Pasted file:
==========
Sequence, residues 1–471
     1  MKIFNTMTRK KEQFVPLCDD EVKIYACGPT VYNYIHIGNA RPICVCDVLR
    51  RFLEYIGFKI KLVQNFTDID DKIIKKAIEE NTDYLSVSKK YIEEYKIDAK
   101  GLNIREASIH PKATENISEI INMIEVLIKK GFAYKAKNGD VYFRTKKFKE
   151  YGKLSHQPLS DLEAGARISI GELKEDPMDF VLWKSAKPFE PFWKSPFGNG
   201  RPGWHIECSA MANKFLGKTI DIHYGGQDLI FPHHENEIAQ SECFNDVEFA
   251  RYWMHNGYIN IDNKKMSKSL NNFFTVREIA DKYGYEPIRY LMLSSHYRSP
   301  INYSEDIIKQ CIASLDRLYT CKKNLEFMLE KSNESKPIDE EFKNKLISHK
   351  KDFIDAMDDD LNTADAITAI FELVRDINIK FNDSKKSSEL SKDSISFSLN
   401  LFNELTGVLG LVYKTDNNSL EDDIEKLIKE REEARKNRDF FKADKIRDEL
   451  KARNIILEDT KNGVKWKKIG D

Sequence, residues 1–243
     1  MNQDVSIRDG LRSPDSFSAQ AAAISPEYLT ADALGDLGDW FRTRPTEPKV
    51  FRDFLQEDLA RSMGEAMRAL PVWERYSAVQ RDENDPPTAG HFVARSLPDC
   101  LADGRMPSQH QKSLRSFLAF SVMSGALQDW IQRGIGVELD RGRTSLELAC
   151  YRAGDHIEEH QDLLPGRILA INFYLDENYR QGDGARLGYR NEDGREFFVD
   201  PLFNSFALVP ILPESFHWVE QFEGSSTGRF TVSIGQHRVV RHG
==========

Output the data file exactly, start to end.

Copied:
Sequence, residues 1–471
     1  MKIFNTMTRK KEQFVPLCDD EVKIYACGPT VYNYIHIGNA RPICVCDVLR
    51  RFLEYIGFKI KLVQNFTDID DKIIKKAIEE NTDYLSVSKK YIEEYKIDAK
   101  GLNIREASIH PKATENISEI INMIEVLIKK GFAYKAKNGD VYFRTKKFKE
   151  YGKLSHQPLS DLEAGARISI GELKEDPMDF VLWKSAKPFE PFWKSPFGNG
   201  RPGWHIECSA MANKFLGKTI DIHYGGQDLI FPHHENEIAQ SECFNDVEFA
   251  RYWMHNGYIN IDNKKMSKSL NNFFTVREIA DKYGYEPIRY LMLSSHYRSP
   301  INYSEDIIKQ CIASLDRLYT CKKNLEFMLE KSNESKPIDE EFKNKLISHK
   351  KDFIDAMDDD LNTADAITAI FELVRDINIK FNDSKKSSEL SKDSISFSLN
   401  LFNELTGVLG LVYKTDNNSL EDDIEKLIKE REEARKNRDF FKADKIRDEL
   451  KARNIILEDT KNGVKWKKIG D

Sequence, residues 1–243
     1  MNQDVSIRDG LRSPDSFSAQ AAAISPEYLT ADALGDLGDW FRTRPTEPKV
    51  FRDFLQEDLA RSMGEAMRAL PVWERYSAVQ RDENDPPTAG HFVARSLPDC
   101  LADGRMPSQH QKSLRSFLAF SVMSGALQDW IQRGIGVELD RGRTSLELAC
   151  YRAGDHIEEH QDLLPGRILA INFYLDENYR QGDGARLGYR NEDGREFFVD
   201  PLFNSFALVP ILPESFHWVE QFEGSSTGRF TVSIGQHRVV RHG